[poh-tahzh; French paw-tazh]

noun French Cookery.

soup, especially any thick soup made with cream.

Origin of potage

From French; see origin at pottage
Dictionary.com Unabridged Based on the Random House Unabridged Dictionary, © Random House, Inc. 2019

Examples from the Web for potage

Historical Examples of potage

  • What preparatives for the potage, which already I perceive to be a printanire.

    Arthur O'Leary

    Charles James Lever

  • Dont laugh with your mouth full, or sup up your potage noisily.

  • “You may give me the potage Julienne,” replied the young Vermonter.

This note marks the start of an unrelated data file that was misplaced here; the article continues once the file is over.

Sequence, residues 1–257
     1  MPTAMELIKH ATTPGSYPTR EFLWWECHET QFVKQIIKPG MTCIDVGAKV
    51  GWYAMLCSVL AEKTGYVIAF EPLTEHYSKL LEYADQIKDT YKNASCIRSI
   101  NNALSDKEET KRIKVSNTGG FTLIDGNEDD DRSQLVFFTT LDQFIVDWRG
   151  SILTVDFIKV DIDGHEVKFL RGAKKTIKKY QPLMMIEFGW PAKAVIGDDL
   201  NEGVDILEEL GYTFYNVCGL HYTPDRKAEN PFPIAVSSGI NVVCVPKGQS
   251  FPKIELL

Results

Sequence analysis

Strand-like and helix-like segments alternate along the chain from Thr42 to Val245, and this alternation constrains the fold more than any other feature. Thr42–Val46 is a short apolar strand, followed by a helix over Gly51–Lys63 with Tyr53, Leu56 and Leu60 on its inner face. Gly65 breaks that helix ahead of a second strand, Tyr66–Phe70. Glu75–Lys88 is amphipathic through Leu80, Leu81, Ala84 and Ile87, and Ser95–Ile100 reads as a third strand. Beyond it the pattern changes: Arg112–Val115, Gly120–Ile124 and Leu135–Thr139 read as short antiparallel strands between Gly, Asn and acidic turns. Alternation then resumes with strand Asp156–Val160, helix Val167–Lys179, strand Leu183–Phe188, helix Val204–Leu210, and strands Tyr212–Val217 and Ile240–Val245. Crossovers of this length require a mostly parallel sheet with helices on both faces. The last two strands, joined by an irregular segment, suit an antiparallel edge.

The Boy Broker

    Frank A. Munsey

  • It was you who grew angry with my father because he got your birthright for a mess of potage.

  • There was potage St. Germain, made as only the French can make it.

    Europe from a Motor Car

    Russell Richardson

British Dictionary definitions for potage



any thick soup

Word Origin for potage

C16: from Old French; see pottage
Collins English Dictionary - Complete & Unabridged 2012 Digital Edition © William Collins Sons & Co. Ltd. 1979, 1986 © HarperCollins Publishers 1998, 2000, 2003, 2005, 2006, 2007, 2009, 2012

Word Origin and History for potage

"thick soup," 1560s, from French potage "soup, broth" (see pottage, which is an earlier English borrowing of the same French word).

Online Etymology Dictionary, © 2010 Douglas Harper